“I am really excited about the innovative fellowship program that Zelda has established, by which people who have earned degrees in prison can come to Yale or to the University of New Haven to do work in a specific field, such as working with a curator at an art gallery or interning with a professor at the Law School,” added Hinton, who also serves on the YPEI Faculty Oversight Committee. “The fellowship program is a new frontier in prison education, helping students who have thrived in Yale’s or other prison education programs while serving time to continue their studies and develop skills they can own once they are released.”
A network of support
Roland credits YPEI’s success to the many campus partnerships and collaborations that have evolved since the start of the program and will continue to grow with the support of the Mellon grant.
In a new partnership with the University Library, for example, undergraduate and graduate students receive fellowships to support library access for incarcerated students, including conducting library research on their behalf. The Poorvu Center for Teaching and Learning funds a year-round “academic strategies peer mentor” to students in prison. Fellowships funded by Dwight Hall, the President’s Office, the Graduate School of Arts & Sciences, the Center for the Study of Race, Indigeneity, and Transnational Migration (RITM), the Divinity School, and the School of Art, among other offices and programs, also support undergraduate and graduate students in their work for YPEI.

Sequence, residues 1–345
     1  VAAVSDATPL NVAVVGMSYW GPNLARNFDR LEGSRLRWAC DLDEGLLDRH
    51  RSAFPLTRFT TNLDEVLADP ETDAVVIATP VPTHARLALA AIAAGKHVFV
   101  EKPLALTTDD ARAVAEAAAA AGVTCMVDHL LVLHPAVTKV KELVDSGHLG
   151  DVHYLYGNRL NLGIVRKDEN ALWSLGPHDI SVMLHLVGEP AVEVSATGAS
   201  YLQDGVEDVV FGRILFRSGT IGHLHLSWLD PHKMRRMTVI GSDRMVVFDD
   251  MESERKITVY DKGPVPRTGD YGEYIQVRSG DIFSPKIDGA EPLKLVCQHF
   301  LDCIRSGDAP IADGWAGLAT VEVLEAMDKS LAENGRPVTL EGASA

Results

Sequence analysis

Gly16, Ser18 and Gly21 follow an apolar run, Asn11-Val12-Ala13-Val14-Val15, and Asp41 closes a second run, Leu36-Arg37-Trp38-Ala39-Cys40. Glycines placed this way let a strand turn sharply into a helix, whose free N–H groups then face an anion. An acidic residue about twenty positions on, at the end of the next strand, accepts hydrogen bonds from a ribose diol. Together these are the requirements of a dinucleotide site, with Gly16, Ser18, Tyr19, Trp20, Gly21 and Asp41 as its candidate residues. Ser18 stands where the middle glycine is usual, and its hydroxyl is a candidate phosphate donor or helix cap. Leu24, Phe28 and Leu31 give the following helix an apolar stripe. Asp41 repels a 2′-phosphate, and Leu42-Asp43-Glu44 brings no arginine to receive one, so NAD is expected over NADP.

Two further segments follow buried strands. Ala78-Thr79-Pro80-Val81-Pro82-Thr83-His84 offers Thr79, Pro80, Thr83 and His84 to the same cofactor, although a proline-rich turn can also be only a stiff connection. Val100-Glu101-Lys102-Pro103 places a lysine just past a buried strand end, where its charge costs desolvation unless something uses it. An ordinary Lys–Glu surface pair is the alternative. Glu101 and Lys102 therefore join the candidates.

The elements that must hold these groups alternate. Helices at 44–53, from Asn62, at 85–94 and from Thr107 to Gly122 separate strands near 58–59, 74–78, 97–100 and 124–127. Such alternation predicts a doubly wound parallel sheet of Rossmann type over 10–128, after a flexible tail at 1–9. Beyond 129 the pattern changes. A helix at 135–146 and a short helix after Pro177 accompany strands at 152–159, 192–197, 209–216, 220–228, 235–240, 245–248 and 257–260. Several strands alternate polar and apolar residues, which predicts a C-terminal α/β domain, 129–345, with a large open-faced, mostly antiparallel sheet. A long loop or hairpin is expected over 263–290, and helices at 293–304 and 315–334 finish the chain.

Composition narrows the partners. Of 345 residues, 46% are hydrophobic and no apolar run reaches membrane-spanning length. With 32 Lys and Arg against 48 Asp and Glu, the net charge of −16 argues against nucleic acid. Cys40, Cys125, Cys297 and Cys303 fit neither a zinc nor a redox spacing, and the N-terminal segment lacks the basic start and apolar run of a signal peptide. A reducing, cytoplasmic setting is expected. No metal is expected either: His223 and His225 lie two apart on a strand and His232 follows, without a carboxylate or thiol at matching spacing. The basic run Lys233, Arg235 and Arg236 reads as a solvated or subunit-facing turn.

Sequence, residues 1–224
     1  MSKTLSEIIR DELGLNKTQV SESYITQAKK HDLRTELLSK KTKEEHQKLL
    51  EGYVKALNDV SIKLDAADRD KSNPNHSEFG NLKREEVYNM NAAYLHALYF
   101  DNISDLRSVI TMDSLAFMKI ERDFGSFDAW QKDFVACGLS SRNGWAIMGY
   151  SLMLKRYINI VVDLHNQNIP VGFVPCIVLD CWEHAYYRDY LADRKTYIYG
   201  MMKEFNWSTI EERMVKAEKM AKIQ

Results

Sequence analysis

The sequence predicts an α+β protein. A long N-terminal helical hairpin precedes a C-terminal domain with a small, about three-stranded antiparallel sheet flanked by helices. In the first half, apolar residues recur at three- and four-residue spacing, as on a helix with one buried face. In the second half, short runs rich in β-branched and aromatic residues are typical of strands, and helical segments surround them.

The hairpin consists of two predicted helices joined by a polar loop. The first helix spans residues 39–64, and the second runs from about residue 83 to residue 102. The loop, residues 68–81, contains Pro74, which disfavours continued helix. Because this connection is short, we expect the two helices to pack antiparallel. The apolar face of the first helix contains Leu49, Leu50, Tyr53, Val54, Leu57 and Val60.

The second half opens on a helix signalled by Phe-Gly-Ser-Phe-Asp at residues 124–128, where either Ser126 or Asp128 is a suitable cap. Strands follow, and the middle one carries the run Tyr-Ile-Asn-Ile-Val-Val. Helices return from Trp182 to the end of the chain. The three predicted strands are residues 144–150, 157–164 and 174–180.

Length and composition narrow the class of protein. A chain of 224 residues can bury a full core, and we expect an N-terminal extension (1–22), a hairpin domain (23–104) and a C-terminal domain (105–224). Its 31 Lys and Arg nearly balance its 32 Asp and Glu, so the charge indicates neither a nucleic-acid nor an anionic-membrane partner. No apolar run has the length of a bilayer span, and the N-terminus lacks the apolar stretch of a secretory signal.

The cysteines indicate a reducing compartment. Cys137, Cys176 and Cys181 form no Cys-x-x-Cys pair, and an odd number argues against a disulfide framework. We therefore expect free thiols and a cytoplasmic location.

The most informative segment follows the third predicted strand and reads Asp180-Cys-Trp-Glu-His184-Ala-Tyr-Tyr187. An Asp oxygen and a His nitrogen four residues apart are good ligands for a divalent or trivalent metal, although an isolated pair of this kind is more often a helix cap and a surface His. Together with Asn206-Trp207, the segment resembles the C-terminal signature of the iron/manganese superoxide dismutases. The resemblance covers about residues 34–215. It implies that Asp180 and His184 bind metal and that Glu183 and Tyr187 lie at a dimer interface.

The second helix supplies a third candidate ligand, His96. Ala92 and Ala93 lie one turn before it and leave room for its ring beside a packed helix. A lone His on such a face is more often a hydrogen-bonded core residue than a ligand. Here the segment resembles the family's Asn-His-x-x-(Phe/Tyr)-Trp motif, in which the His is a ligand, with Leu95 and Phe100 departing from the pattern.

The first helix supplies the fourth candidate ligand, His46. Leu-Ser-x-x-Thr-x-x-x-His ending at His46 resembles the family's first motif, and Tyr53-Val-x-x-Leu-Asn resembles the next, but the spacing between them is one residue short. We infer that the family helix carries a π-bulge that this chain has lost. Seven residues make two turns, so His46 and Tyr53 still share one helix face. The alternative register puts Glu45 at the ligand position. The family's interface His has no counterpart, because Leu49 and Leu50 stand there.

Typically, about 50 undergraduate and graduate students assist Roland each year with running the initiative and supporting incarcerated students in various ways.
Now, through a new agreement with FAS Dean Tamar Gendler, a limited number of Yale faculty members will be able teach in YPEI via the Teaching Relief for Learning program, which provides a select number of FAS faculty members a semester-long release from traditional teaching to engage in some intellectual exploration of their own.